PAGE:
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A lesson in Fluid Mechanics

Reader comment on item: Why Did American Airlines 587 Crash?
in response to reader comment: NO PILOT ERROR OR WAKE TURBULENCE HERE.

Submitted by anonymous (United States), Feb 10, 2007 at 18:43

Alright, I'm not going to debate over the structural stability of Airbus' aircraft. However, I do wish to say that before you begin making conjectures of "common sense" about what can physically happen or not happen from a technical standpoint, you should be an engineer, physicist, or FAA rated pilot. Fortunately for you, I'm all three.

Regardless of pointing fingers of whether terrorists are involved or not, a vertical stabilizer no matter how it is engineered or designed, when over-controlled at those speeds in a low level wind shear situation can, and most likely will, separate or fail to some degree. I don't presume to blame Airbus or AA for this, since I am not an aircraft mechanic. I don't presume to know about the gentleman's job that made a comment here earlier. I'm sure he can agree, however, that large aircraft at high airspeeds and low altitude are susceptible to structural fatigue and/or failure when in an over-controlled situation.

That's why the FAA teaches pilots about a little thing called maneuvering speed. This is defined as the speed at which one may encounter structural fatigue and/or failure if abrupt control inputs are made in turbulent situations (which this classifies as one). This isn't an issue of taking off close behind a 747. This is an issue of taking off too early before the wingtip vortices could dissipate, and flying right into them. Any large aircraft generates the most turbulence at slow airspeeds with flaps extended (quite common during takeoff and landing). When aircraft take off, they are vectored towards their course of departure. They don't all fly off in a straight line. All it takes is for this aircraft to lift off beyond the 747's lift off point, and turn off in the same direction below the 747's altitude during climb out (since wake turbulence descends over time).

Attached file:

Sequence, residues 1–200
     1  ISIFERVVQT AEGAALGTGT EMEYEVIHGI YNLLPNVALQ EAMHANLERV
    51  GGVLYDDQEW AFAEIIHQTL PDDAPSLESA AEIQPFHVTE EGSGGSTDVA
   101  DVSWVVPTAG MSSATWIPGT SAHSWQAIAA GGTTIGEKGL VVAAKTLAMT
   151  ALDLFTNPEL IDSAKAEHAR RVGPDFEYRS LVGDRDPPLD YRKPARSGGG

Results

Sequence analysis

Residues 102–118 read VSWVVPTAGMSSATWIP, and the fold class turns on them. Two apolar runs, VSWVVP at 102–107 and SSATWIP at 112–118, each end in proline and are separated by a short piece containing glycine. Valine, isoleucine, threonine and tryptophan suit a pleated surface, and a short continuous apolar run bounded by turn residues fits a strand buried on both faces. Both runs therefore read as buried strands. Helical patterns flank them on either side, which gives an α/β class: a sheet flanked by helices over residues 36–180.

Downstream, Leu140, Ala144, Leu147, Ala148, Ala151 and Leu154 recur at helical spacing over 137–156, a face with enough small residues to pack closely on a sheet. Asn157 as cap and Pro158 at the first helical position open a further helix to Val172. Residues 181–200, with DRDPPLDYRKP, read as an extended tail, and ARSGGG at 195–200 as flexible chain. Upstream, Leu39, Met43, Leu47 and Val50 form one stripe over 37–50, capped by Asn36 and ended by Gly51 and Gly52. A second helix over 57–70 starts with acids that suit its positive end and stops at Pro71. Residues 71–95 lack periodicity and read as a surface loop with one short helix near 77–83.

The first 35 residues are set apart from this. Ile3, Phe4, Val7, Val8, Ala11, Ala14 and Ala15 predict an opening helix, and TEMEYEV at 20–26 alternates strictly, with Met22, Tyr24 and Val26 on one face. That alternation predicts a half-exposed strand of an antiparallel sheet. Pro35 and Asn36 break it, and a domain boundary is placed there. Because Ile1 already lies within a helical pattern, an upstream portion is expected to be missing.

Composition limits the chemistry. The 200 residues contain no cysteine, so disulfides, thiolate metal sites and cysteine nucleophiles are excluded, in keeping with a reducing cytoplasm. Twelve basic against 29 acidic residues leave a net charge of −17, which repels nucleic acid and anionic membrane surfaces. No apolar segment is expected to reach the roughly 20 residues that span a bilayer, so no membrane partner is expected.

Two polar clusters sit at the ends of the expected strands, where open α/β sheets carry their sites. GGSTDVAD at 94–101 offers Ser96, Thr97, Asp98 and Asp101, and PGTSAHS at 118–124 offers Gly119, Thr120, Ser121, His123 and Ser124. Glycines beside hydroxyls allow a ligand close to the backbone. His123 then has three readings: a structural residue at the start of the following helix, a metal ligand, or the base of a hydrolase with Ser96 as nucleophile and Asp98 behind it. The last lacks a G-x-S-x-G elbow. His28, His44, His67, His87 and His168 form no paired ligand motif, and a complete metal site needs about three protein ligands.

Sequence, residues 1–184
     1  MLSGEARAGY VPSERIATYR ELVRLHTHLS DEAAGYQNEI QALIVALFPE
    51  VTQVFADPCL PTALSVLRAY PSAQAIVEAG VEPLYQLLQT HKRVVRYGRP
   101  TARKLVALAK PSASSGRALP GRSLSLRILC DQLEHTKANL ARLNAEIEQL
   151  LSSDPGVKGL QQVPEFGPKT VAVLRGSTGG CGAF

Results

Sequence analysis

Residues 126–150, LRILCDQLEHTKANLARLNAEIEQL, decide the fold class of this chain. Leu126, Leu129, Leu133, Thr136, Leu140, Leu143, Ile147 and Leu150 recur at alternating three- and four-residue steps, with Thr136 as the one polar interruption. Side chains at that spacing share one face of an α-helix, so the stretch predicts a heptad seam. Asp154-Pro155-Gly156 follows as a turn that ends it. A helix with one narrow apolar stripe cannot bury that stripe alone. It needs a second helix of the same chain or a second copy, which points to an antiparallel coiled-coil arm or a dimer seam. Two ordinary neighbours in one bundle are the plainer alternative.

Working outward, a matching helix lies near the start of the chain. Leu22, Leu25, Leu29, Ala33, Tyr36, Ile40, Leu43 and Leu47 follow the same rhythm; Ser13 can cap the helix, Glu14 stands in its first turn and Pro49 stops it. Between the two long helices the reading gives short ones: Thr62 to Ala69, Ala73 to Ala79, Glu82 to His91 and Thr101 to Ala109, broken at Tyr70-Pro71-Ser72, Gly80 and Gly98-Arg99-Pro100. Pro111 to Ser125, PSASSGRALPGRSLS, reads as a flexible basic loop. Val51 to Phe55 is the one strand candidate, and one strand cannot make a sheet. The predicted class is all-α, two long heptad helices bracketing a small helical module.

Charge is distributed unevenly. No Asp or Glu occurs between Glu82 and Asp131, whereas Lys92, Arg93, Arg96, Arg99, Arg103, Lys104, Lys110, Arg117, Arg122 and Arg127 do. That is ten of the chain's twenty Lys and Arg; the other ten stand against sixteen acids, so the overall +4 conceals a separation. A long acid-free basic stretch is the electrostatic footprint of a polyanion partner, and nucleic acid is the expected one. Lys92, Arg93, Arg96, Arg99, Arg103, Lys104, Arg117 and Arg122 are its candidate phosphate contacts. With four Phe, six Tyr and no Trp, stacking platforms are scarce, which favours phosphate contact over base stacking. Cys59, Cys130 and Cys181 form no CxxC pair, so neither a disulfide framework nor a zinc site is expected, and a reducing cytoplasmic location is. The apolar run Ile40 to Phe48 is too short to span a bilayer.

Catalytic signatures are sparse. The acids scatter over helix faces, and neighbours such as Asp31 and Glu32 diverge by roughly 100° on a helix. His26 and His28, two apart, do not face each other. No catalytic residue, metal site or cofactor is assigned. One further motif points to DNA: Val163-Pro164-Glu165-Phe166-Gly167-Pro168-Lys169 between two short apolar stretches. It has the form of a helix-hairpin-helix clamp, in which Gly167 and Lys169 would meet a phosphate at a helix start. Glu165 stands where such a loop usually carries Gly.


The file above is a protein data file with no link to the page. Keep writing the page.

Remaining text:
Basically, the F/O flying the aircraft went on instinct instead of training and tried to correct for the initial deviation, and then ended up over correcting and then had to correct that as well, leading into an out of control situation. Over-controlling is actually a common occurrence, but not usually to this degree. So when there is no crash from a wake turbulence situation, we don't hear about it from the media, because there is no need for the airlines or NTSB to release information on minor incidents of turbulence in flight.

Submitting....

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Note: Opinions expressed in comments are those of the authors alone and not necessarily those of Daniel Pipes. Original writing only, please. Comments are screened and in some cases edited before posting. Reasoned disagreement is welcome but not comments that are scurrilous, off-topic, commercial, disparaging religions, or otherwise inappropriate. For complete regulations, see the "Guidelines for Reader Comments".

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